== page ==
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In which Lil has a revelation about why she is angry about some organised religions

I've just had a sort of self-revelation.

I was asked why I hated Christianity and particularly Catholicism. (My response at that point was very much, "You should hear what I think about Islam.") However, what threw me was the following accusation that Christianity must have hurt me personally.

Setting aside the fact that I am not, on the whole, angry at ordinary individual members of any religion, and that some religions, which I also consider to be ... er... mistaken about their belief in the supernatural, I actually wish I could believe were true, and wish them well, none of them have hurt me personally. I admire some religious people, even a few who are religious leaders - though not many - enormously.


My rage -- and it is sometimes just that -- is on behalf of others.

I hate the unreason, the blind faith, the privilege by which so many of said religions assume that their morality is unquestioned and should be everyone else's. That it is their right, because it is a matter of faith, to break the law of the land, and to protect the criminals -- yes, criminals -- in their ranks.

Most of all, though, I hate the fact -- and it is a fact -- that so many of these religious leaders are bullies. Currently, the leaders of the normally moderate Church of England are lying about the consequences of the bill to allow civil marriages between members of the same sex. They are lying about the legal and political consequences and about the history of marriage - it's been a bloody commercial contract for far, far longer than its been about love or even procreation, damn it. And why are they lying? Because the churches in the UK are emptying and the so-called Anglican communion is dependent on the African churches which they are desperate to keep on-side. The Catholic church is also lying and trying to bully our elected government on this issue. They do not speak for all their members, as they claim - and they claim numbers who are no longer religious; I know both for a fact.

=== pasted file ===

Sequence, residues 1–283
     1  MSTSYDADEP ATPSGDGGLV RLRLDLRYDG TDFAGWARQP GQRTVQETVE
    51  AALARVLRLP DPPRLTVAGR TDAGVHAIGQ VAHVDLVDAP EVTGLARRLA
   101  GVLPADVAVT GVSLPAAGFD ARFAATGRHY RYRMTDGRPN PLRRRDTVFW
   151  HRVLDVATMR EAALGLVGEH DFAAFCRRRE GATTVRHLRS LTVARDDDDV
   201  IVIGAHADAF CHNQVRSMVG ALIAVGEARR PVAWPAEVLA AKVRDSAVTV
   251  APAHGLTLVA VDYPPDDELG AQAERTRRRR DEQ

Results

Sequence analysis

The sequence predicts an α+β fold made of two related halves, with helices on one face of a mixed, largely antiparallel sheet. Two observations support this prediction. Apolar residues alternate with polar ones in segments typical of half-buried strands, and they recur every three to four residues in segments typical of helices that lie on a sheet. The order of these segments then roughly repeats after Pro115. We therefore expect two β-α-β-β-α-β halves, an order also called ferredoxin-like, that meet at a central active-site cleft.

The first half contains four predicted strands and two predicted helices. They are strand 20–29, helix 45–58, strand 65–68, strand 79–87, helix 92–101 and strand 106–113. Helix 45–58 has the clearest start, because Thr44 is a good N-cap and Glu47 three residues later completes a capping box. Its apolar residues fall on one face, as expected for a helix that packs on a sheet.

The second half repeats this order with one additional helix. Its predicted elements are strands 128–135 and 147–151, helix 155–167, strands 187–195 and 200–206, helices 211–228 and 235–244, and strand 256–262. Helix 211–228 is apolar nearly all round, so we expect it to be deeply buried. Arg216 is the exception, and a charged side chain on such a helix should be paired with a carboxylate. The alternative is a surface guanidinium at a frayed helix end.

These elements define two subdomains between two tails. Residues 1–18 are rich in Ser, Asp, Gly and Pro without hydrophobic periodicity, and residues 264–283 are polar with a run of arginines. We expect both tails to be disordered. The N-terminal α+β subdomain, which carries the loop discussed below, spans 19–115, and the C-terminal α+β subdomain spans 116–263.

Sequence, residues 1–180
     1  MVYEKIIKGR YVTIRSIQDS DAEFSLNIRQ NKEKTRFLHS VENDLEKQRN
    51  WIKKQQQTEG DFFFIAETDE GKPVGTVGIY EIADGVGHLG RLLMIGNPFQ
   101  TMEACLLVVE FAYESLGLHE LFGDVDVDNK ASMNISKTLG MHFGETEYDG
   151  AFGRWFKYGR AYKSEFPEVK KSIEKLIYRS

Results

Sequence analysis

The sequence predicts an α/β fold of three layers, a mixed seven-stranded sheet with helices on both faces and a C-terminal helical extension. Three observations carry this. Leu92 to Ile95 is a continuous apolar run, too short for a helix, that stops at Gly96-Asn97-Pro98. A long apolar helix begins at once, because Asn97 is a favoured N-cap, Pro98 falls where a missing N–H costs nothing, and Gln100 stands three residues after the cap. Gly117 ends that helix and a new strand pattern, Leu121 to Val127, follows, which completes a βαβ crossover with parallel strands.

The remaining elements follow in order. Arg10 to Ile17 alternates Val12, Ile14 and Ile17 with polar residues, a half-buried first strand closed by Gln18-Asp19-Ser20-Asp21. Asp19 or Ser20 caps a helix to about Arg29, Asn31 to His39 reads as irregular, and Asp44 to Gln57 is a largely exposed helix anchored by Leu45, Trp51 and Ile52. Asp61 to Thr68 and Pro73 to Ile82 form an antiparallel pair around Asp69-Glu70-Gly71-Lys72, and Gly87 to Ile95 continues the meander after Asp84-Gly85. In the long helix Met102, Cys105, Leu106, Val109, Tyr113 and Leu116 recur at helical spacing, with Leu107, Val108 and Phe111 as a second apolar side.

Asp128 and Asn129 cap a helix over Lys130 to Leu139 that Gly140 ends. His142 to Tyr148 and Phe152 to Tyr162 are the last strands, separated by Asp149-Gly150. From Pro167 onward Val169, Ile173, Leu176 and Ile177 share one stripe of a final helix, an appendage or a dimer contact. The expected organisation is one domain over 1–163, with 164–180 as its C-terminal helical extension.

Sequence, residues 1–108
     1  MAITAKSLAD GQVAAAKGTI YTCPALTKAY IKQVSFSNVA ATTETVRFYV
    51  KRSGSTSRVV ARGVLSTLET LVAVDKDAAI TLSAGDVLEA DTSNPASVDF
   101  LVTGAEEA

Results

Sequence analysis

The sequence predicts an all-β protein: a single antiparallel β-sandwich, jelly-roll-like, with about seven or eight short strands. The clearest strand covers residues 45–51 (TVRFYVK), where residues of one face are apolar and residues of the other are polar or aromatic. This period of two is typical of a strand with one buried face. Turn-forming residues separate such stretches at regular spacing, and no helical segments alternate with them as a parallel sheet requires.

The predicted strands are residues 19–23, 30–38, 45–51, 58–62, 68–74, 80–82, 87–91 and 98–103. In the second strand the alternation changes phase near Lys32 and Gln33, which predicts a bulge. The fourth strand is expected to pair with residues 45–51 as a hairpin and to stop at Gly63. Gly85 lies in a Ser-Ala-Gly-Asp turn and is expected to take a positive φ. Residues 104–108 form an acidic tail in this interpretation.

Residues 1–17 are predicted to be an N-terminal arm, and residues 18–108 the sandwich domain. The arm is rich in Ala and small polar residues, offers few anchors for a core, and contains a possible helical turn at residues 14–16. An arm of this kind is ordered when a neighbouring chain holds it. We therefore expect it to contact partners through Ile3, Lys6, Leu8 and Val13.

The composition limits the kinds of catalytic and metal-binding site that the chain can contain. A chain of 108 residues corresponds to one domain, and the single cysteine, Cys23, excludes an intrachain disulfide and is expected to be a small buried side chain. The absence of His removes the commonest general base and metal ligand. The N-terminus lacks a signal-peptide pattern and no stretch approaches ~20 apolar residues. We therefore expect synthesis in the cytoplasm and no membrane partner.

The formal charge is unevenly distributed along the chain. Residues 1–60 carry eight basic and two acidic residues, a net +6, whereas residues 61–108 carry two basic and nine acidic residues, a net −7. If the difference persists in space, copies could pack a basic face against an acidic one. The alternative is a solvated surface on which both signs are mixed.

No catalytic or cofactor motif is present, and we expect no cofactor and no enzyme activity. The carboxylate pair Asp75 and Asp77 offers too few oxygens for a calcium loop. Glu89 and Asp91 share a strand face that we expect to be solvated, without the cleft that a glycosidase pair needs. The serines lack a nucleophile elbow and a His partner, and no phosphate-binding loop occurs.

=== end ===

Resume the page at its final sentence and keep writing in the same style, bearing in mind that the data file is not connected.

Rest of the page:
In Ireland the Catholic church is trying, desperately, to cling onto political power which it is losing as a consequence of protecting criminal priests at the expense of innocent children. History tells us that ideologues are the worst people to let have power, and that, of necessity, includes the ideology of religion.

If you want to see what Islam does when it is unchecked by civil society you only need to look at Iran (which had a highly-educated and liberal section of its original population), at Saudi Arabia, at the Taliban in Afghanistan. Religion divides people. Don't tell me it is just culture - religion is part of culture -- and sharia law comes from the Koran.